Franck's first movement alternates between a slow, brooding treatment of this motif and a faster, more agitated development of it. The mood of the movement combines an almost religious sense of mystery with fervor and even joyous good humor.

The second movement unconventionally combines into one movement the second and third movements of a conventional symphony. Franck's second movement is both a slow songful movement, opening with harp and pizzicato strings joined by a melancholy English horn, and it is a playful scherzo, as we soon hear in the middle section string melody.

The third movement, the finale, recalls the English horn melody from the second movement and both the passionate and the questioning treatment of the motif from the first movement, and the symphony climaxes with a sense of joyous triumph. 


Born St. Petersburg, 10 August 1865, Died Paris, 21 March 1936.


Composed in 1899, and first performed on February 7, 1900 in St. Petersburg. The score calls for piccolo, 2 flutes, 2 oboes, 2 clarinets, 2 bassoons, 4 horns, 2 trumpets, 3 trombones, tuba, harp, timpani, percussion, and strings. The work lasts approximately 10 minutes.

Alexander Glazunov grew up and built his music career through the turbulence of Russian unrest and revolution. As a young composition student who wrote his first symphony at the age of sixteen, he impressed his teacher, Rimsky-Korsakov, who said that he seemed to improve by the hour. Later, as the director of the St. Petersburg Conservatory, he impressed his students by his mastery authorities - for example, he refused to report the number of Jewish students enrolled - and his astounding musical memory. When a student played a composition for him to apply to the conservatory, after having been turned down years earlier, Glazunov listened patiently until he finished, went to the piano, and commented that the secondary theme of the composition he had auditioned with last time had been quite good. He then played the student's previous music from memory. The incident soon entered the annals of conservatory lore. Glazunov could also frustrate his more progressive students, most notably Shostakovich, Stravinsky, and Prokofiev, with his musical conservatism. He resisted the innovations that were to transform the music of the new century, but even when he brusquely disagreed with them, he continued to tirelessly support and promote his students.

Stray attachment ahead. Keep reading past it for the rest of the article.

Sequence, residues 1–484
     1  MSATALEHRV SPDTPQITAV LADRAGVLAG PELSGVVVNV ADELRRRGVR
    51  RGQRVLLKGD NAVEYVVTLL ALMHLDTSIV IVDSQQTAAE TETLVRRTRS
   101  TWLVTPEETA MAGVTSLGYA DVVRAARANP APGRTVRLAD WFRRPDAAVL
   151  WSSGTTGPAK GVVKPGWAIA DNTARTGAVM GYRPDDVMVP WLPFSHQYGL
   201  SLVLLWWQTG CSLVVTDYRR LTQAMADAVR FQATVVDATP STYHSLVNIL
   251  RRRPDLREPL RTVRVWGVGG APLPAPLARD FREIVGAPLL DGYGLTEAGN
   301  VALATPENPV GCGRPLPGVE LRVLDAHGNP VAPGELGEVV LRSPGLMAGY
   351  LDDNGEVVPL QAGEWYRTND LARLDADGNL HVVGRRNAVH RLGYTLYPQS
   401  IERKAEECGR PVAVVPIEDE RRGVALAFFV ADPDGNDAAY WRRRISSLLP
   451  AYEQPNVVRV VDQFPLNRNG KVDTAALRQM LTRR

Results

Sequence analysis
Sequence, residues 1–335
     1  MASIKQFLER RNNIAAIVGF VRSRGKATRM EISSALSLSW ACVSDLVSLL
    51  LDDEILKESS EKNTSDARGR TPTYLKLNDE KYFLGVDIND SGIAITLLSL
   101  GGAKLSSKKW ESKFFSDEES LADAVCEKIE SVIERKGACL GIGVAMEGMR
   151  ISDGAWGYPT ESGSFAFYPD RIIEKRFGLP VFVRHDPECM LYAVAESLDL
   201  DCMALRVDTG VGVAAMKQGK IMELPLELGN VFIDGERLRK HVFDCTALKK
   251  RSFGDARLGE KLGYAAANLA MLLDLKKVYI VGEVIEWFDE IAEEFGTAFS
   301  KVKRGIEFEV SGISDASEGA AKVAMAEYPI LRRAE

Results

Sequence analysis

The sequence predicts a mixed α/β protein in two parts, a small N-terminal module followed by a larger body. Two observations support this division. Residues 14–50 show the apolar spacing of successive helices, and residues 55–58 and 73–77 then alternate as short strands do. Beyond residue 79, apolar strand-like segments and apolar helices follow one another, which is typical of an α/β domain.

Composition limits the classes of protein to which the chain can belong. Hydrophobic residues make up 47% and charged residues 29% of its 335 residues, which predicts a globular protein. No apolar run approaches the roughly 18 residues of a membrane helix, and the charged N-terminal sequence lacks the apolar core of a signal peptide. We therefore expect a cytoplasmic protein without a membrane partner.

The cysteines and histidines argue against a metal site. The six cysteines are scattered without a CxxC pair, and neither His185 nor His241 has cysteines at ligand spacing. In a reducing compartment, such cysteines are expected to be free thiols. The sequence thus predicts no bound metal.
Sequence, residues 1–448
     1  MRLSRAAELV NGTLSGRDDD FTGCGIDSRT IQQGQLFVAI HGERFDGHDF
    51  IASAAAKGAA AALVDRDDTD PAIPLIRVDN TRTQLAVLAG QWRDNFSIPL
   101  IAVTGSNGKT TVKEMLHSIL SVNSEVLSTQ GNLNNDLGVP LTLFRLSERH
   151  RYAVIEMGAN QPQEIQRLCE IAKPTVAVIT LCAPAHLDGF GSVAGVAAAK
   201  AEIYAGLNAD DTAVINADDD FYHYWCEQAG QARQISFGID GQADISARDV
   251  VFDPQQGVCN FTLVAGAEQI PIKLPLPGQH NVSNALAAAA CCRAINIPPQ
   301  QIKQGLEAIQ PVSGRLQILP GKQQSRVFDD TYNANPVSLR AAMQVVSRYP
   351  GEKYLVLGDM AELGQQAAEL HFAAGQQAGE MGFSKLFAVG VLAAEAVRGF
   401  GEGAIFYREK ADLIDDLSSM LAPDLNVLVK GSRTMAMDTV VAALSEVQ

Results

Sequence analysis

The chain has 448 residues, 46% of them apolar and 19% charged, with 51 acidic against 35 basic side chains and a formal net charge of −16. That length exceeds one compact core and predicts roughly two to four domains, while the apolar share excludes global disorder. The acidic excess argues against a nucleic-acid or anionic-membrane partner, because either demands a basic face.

Glazunov's ballet, The Seasons, is written as a set of four tableaux, each of which represents a season of the year. The scenario for the Autumn section of the ballet begins with a bacchanal, a rousing music depicting a drunken revel to celebrate the grape harvest. The music calms as the seasons, Winter and Spring, appear on stage, followed by the Bird, and the Zephyr. The dance resumes, increases in intensity, and ends in a shower of autumn leaves. Darkness descends, and the stars emerge, showing us the timeless beauty of the universe that hangs motionless above us, and beyond the constantly changing seasons.